The Use of Prior Restraints on Publication in the Age of Wikileaks
As James Madison put it, “A popular Government, without popular information, or the means of acquiring it, is but a Prologue to a Farce or a Tragedy; or, perhaps both. Knowledge will forever govern ignorance: And a people who mean to be their own Governors must arm themselves with the power which knowledge gives.”1 Free speech is essential to effective self-government. A democracy cannot function if its citizens do not know what their government is doing.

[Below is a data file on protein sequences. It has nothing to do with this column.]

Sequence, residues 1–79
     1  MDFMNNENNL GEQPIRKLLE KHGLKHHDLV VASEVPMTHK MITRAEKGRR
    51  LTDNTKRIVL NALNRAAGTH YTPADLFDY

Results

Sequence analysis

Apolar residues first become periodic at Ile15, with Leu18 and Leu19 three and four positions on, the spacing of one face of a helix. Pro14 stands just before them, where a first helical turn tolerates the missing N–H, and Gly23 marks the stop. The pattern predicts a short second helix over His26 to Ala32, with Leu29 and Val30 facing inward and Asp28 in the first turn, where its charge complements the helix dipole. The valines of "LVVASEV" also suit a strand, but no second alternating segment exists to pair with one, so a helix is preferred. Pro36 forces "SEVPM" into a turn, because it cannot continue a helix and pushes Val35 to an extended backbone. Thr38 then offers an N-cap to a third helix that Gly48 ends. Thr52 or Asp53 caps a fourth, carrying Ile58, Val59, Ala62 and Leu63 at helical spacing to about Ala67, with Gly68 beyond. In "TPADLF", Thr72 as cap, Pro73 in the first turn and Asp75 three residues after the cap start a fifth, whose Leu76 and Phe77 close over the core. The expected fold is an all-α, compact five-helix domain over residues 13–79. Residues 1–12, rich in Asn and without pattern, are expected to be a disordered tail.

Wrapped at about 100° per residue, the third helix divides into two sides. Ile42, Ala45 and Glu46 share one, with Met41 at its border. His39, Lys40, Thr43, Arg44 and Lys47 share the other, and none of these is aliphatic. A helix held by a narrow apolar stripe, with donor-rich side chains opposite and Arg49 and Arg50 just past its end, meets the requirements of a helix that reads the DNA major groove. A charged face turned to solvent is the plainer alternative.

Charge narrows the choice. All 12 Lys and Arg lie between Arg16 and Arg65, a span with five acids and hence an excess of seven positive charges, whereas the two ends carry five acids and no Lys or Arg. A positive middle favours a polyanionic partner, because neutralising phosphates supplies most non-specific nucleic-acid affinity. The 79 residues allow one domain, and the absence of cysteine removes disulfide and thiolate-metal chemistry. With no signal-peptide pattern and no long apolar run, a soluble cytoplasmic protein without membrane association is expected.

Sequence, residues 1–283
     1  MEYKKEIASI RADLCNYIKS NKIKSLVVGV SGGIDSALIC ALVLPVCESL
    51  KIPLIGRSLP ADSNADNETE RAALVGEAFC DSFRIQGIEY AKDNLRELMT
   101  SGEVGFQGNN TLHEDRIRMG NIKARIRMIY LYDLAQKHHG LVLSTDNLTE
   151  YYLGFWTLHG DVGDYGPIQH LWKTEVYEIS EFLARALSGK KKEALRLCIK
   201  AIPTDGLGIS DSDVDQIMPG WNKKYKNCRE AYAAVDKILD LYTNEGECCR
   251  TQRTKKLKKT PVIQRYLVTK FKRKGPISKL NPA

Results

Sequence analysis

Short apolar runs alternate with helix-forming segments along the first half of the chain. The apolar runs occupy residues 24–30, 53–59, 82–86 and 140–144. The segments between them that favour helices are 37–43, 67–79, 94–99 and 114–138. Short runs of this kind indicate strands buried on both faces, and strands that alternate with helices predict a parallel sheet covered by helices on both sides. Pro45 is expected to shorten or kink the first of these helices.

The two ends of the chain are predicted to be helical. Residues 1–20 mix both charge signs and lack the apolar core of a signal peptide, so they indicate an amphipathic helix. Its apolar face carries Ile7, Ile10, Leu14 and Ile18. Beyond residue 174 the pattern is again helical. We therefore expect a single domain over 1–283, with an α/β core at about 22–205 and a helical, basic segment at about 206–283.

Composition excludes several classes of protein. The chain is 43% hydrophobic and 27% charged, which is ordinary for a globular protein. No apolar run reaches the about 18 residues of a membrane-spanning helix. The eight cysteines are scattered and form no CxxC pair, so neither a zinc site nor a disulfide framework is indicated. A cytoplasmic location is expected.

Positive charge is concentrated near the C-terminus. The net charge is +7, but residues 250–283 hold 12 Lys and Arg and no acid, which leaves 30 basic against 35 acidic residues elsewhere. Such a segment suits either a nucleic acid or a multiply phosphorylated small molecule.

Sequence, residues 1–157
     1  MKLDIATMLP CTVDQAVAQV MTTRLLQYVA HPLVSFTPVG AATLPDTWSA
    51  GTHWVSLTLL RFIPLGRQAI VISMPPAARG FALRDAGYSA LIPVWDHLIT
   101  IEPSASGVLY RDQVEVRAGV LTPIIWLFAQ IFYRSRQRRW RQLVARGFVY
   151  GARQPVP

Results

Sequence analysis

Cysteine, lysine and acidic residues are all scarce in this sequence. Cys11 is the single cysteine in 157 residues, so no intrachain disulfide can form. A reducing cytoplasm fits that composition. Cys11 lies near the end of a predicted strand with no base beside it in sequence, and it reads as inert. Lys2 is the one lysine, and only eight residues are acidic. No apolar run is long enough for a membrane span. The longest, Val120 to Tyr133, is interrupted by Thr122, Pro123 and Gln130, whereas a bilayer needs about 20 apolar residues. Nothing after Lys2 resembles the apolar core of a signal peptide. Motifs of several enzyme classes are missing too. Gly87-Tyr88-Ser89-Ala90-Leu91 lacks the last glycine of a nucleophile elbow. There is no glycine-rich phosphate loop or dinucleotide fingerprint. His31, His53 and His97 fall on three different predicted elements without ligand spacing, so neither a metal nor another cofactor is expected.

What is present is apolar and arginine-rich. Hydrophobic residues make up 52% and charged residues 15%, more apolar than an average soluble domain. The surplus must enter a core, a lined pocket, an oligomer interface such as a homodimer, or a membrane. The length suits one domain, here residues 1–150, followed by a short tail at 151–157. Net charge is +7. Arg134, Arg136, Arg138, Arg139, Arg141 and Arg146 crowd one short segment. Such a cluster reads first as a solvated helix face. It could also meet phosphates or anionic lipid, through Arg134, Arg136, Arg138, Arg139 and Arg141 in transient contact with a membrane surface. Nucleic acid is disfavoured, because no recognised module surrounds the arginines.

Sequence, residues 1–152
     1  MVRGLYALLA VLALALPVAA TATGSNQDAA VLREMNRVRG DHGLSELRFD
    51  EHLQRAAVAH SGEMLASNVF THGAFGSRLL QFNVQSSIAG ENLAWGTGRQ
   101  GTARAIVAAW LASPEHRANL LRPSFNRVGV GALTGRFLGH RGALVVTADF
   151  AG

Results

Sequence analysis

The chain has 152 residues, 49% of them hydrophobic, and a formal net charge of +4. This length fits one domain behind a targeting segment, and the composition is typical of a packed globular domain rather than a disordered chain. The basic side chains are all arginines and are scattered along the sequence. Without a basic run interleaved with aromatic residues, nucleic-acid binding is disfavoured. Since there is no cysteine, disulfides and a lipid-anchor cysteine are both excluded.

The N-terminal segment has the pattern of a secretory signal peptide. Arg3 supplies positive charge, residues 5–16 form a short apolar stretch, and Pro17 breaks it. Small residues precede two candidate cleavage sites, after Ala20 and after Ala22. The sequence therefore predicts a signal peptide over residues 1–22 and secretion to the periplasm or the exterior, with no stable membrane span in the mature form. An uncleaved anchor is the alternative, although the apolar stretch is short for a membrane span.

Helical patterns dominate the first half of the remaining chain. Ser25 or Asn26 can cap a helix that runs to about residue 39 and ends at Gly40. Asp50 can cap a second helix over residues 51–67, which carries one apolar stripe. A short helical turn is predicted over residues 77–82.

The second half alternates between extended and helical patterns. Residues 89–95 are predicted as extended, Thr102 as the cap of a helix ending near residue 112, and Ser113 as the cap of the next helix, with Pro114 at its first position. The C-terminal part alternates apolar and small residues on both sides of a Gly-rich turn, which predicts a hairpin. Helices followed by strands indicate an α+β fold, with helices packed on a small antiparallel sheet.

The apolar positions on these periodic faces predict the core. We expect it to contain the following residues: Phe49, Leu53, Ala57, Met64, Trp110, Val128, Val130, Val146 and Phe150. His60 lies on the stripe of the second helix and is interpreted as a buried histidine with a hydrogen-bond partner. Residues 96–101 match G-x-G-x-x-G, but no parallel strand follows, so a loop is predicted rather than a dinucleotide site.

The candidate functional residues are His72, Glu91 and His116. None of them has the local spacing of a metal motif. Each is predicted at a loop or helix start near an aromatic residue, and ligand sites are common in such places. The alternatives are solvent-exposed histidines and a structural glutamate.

For that reason, the First Amendment significantly limits the government’s ability to control the flow of information to the public. In particular, the First Amendment renders prior restraints on speech presumptively unconstitutional.2 Even if the government could punish the speech after the fact, it cannot— absent a heavy burden of justification—prohibit the publication of that speech.
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